One year ago today, as judge and heroin user, Michael Cook presided over a murder trial less compelling than his own circumstances.

Everyone within the St. Clair County legal community knew that Cook had found judge Joe Christ dead the previous Sunday at the Cook family hunting lodge, but not everyone knew they abused drugs there.

Cook and Christ’s choice of a wild weekend road trip shows how their judgment had warped, for they must have sensed impending exposure and ruin.

Sean McGilvery, Cook’s dealer, had called before the two judges left town on Friday, March 8 after federal agents questioned him. Agents had first questioned McGilvery two months earlier, according to court documents.

Whether Cook and Christ knew it or not, agents had suspected for two years that they abused drugs.

Drug dealer Justin Cahill offered that information in plea negotiations in 2011, and an anonymous “former drug user” who spent a lot of time with Cook corroborated it.

Yet Cook faced no consequences, and Christ advanced from prosecutor to judge.

Christ died March 10, 2013, just days after taking the robe.

Cook returned from the fatal trip to a judge’s most solemn duty, a murder trial, knowing that Paul Petty, Pike County's sheriff and coroner, would conduct an autopsy.

In Cook’s courtroom on March 13, jurors convicted Gregory Muse, but Muse would later win a new trial after alleging that Cook slurred his speech in jury instructions.

On March 15, according to an affidavit of Federal Bureau of Investigation agent Julie Neiger, Petty questioned Cook in Belleville.

“Judge Cook ultimately admitted using in the past, claiming he started his drug use after the death of a sibling,” Neiger wrote. "Judge Cook further admitted he used cocaine the day prior to Christ’s death, after Christ brought it out as the two drove to their hunting trip in Pike County.”

Still, Cook’s behavior did not change.

On four dates in April, according to Neiger, agents watching McGilvery’s house saw Cook drive up, enter a side door and leave 10 to 30 minutes later.

“On one occasion, Judge Cook was followed to his place of employment, the St. Clair County Courthouse in Belleville,” Neiger wrote.

She wrote that on April 25, U.S. Magistrate Judge Stephen Williams signed a warrant authorizing global tracking for Cook’s Sport Trac vehicle.

It detected 15 visits to the vicinity of McGilvery’s house in 18 days, according to the affidavit, with agents confirming his presence at the house 10 times.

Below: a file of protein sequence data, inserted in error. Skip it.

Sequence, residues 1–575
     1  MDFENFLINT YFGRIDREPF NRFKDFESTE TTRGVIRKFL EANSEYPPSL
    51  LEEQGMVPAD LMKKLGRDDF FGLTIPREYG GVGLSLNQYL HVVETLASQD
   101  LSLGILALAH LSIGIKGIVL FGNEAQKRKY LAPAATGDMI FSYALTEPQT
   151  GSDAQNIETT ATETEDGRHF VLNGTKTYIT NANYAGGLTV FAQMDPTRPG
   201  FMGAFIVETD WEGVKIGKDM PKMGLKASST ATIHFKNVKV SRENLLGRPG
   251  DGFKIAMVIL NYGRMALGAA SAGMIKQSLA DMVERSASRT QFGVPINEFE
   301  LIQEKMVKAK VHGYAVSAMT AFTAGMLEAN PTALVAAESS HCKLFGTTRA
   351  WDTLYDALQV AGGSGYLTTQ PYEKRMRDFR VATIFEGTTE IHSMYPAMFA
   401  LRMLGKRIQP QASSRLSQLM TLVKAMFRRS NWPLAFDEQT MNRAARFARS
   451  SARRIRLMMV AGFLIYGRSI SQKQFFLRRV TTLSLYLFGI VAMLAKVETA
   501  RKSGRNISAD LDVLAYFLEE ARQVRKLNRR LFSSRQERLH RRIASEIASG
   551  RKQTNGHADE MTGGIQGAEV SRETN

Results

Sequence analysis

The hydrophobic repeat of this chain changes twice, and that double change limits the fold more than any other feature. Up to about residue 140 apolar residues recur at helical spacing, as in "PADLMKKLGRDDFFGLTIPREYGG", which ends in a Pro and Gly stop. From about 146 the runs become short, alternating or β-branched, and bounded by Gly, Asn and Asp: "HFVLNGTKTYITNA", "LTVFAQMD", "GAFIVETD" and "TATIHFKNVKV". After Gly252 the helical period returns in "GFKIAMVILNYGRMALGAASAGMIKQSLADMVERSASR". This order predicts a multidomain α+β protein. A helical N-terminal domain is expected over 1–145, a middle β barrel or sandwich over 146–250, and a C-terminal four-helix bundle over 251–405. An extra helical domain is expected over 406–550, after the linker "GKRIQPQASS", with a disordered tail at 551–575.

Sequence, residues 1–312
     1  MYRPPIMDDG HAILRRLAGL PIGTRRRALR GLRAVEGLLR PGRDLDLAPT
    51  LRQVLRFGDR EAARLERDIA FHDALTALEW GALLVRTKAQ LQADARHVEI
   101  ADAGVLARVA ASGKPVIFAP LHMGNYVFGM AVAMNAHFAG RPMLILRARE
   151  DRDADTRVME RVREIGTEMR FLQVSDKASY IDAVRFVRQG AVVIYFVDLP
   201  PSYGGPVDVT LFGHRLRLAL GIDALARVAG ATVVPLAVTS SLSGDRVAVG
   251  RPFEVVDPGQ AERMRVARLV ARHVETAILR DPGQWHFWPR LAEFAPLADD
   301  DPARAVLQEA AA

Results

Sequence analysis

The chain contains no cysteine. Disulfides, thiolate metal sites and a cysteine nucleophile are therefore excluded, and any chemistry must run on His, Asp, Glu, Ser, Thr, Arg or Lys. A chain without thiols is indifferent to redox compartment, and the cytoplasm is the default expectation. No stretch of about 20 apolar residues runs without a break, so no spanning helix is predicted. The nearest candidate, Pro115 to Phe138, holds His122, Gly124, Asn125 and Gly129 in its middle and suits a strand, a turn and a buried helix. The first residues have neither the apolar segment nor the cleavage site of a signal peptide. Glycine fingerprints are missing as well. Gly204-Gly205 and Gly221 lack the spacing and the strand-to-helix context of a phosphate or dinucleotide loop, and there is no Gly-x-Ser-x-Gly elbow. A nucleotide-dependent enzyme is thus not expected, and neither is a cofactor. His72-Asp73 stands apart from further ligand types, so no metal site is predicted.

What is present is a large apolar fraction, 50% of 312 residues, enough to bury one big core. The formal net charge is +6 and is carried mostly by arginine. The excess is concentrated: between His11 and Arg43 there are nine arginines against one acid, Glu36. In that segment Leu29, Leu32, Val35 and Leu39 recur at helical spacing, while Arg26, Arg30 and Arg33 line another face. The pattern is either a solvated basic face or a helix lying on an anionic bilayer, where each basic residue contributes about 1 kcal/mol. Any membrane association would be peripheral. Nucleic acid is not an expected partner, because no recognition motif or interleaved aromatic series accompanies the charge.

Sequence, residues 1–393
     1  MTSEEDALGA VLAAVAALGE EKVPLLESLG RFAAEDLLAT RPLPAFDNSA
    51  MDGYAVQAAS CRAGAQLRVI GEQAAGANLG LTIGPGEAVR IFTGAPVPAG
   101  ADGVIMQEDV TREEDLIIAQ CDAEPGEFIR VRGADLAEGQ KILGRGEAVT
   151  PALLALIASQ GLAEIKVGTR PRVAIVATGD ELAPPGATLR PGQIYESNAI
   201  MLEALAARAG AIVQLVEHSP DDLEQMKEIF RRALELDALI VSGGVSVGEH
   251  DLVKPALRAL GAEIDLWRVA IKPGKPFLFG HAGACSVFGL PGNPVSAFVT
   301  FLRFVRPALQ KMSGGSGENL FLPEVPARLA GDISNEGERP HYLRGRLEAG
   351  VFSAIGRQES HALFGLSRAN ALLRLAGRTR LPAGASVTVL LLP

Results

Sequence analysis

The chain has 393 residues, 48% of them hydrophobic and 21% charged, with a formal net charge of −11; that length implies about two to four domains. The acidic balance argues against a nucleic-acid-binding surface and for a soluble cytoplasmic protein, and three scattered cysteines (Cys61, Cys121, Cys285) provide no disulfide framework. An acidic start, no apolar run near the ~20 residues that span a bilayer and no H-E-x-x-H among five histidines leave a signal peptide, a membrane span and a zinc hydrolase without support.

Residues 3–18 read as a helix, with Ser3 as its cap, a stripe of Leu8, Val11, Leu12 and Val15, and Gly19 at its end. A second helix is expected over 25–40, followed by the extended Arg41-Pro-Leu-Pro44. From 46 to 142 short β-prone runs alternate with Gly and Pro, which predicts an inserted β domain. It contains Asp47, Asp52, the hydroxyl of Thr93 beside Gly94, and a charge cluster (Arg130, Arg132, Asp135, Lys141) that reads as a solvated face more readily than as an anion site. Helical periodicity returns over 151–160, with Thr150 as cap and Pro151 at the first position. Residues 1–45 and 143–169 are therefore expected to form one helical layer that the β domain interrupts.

On May 15, Neiger applied for a warrant to search Cook’s home at 1817 10th Fairway Drive in Belleville.

She dated the start of the investigation at July 29, 2011, when Cahill agreed to plead guilty and serve nine years for selling oxycodone that he called synthetic heroin.

Neiger wrote that Cahill said Buck Reamer obtained OxyContin pills from him and gave them to Cook.

Cahill said he and Reamer went to the home of probation officer James Fogarty, supplier to Christ, on numerous occasions and observed males that Reamer referred to as “officials," according to her affidavit.

She wrote that Cahill said he didn’t know them, but Reamer identified one as Cook and the other as Christ.

Neiger's affidavit also states that in June 2012, Cooperating Individual No. 1 came to law enforcement and reported having seen Cook use cocaine hundreds of times.

Neiger wrote that this individual saw Cook abuse prescription drugs 50 to 60 times and said Cook used drugs for the past 10 years; plumber Tom Lee obtained heroin from McGilvery and provided it to Cook; and that Lee said Cook met a “dirty doctor” in Hawaii who prescribed Percocet for him.

She wrote that Cooperating Individual No. 1 said Cook eventually began buying from McGilvery.

“Judge Cook used heroin at Lee’s home four times a week and had access to Lee’s home with a key Lee provided Judge Cook,” Neiger wrote.

She added that this same individual saw Cook mix heroin with cocaine and Xanax and provided details about guns Cook owned.

Last May, Petty announced Christ died of cocaine intoxication.

Agents arrested Cook, charging him with possessing heroin and using it while possessing firearms. They also arrested McGilvery and Fogarty.

Cook waived indictment, and U.S. Magistrate Judge Clifford Proud released him on $10,000 unsecured bond.

In June, U.S. District Judge William Stiehl delayed trial so Cook could seek treatment.

In August, Stiehl recused himself.

Chief Judge David Herndon determined no Southern District judges could take the case, and assigned senior judge Joe Billy McDade from the Central District in Peoria.

Cook and prosecutors agreed on an 18 month sentence, and Cook pleaded guilty in November.

McDade accepted the plea, but in February he rejected the sentence.

Cook can withdraw the plea and stand trial, or he can bargain a longer sentence and see if McDade will approve it.

McDade scheduled a hearing for March 28, and set a March 19 deadline for notice of a new plea agreement.

Fogarty negotiated a five year sentence and McGilvery a 10 year sentence.

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